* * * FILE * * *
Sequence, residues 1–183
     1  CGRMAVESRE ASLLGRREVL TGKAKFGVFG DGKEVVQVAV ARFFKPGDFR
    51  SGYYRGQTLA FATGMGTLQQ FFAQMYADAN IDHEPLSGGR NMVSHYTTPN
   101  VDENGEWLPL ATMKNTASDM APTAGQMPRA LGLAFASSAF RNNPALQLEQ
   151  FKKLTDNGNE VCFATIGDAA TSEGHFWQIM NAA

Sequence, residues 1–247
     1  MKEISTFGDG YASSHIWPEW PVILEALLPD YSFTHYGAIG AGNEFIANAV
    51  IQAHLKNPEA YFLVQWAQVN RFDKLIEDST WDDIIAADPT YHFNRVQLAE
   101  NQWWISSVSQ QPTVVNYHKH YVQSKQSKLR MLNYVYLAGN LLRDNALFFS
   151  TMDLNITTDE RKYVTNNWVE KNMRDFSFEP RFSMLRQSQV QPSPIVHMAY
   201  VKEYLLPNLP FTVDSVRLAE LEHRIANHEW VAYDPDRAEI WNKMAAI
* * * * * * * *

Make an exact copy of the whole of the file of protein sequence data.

Sequence, residues 1–183
     1  CGRMAVESRE ASLLGRREVL TGKAKFGVFG DGKEVVQVAV ARFFKPGDFR
    51  SGYYRGQTLA FATGMGTLQQ FFAQMYADAN IDHEPLSGGR NMVSHYTTPN
   101  VDENGEWLPL ATMKNTASDM APTAGQMPRA LGLAFASSAF RNNPALQLEQ
   151  FKKLTDNGNE VCFATIGDAA TSEGHFWQIM NAA

Sequence, residues 1–247
     1  MKEISTFGDG YASSHIWPEW PVILEALLPD YSFTHYGAIG AGNEFIANAV
    51  IQAHLKNPEA YFLVQWAQVN RFDKLIEDST WDDIIAADPT YHFNRVQLAE
   101  NQWWISSVSQ QPTVVNYHKH YVQSKQSKLR MLNYVYLAGN LLRDNALFFS
   151  TMDLNITTDE RKYVTNNWVE KNMRDFSFEP RFSMLRQSQV QPSPIVHMAY
   201  VKEYLLPNLP FTVDSVRLAE LEHRIANHEW VAYDPDRAEI WNKMAAI